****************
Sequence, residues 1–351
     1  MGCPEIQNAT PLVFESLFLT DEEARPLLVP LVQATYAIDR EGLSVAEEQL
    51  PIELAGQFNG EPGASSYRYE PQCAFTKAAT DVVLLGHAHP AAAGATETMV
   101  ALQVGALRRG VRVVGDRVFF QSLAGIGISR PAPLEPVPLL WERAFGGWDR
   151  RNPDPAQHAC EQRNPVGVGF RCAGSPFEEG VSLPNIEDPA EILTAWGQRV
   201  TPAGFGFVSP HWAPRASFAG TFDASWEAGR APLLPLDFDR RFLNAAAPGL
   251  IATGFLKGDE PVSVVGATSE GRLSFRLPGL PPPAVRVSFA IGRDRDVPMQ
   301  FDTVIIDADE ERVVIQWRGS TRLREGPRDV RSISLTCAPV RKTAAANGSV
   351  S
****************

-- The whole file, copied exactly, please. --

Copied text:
Sequence, residues 1–351
     1  MGCPEIQNAT PLVFESLFLT DEEARPLLVP LVQATYAIDR EGLSVAEEQL
    51  PIELAGQFNG EPGASSYRYE PQCAFTKAAT DVVLLGHAHP AAAGATETMV
   101  ALQVGALRRG VRVVGDRVFF QSLAGIGISR PAPLEPVPLL WERAFGGWDR
   151  RNPDPAQHAC EQRNPVGVGF RCAGSPFEEG VSLPNIEDPA EILTAWGQRV
   201  TPAGFGFVSP HWAPRASFAG TFDASWEAGR APLLPLDFDR RFLNAAAPGL
   251  IATGFLKGDE PVSVVGATSE GRLSFRLPGL PPPAVRVSFA IGRDRDVPMQ
   301  FDTVIIDADE ERVVIQWRGS TRLREGPRDV RSISLTCAPV RKTAAANGSV
   351  S